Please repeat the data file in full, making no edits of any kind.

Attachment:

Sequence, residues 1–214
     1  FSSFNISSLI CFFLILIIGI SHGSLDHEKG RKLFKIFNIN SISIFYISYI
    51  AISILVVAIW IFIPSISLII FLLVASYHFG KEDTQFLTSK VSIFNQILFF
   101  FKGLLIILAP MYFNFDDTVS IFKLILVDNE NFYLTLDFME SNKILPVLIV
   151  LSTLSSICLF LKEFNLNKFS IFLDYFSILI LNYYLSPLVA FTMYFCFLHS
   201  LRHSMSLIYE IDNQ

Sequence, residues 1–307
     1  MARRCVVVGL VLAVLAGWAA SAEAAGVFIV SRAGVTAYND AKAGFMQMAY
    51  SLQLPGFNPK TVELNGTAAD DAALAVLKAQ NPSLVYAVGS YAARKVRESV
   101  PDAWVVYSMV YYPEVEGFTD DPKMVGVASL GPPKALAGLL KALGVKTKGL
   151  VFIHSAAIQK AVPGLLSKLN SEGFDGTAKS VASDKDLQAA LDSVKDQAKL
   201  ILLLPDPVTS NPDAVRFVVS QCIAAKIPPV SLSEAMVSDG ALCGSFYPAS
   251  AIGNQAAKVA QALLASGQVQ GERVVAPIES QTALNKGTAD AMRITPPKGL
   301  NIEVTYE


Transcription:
Sequence, residues 1–214
     1  FSSFNISSLI CFFLILIIGI SHGSLDHEKG RKLFKIFNIN SISIFYISYI
    51  AISILVVAIW IFIPSISLII FLLVASYHFG KEDTQFLTSK VSIFNQILFF
   101  FKGLLIILAP MYFNFDDTVS IFKLILVDNE NFYLTLDFME SNKILPVLIV
   151  LSTLSSICLF LKEFNLNKFS IFLDYFSILI LNYYLSPLVA FTMYFCFLHS
   201  LRHSMSLIYE IDNQ

Sequence, residues 1–307
     1  MARRCVVVGL VLAVLAGWAA SAEAAGVFIV SRAGVTAYND AKAGFMQMAY
    51  SLQLPGFNPK TVELNGTAAD DAALAVLKAQ NPSLVYAVGS YAARKVRESV
   101  PDAWVVYSMV YYPEVEGFTD DPKMVGVASL GPPKALAGLL KALGVKTKGL
   151  VFIHSAAIQK AVPGLLSKLN SEGFDGTAKS VASDKDLQAA LDSVKDQAKL
   201  ILLLPDPVTS NPDAVRFVVS QCIAAKIPPV SLSEAMVSDG ALCGSFYPAS
   251  AIGNQAAKVA QALLASGQVQ GERVVAPIES QTALNKGTAD AMRITPPKGL
   301  NIEVTYE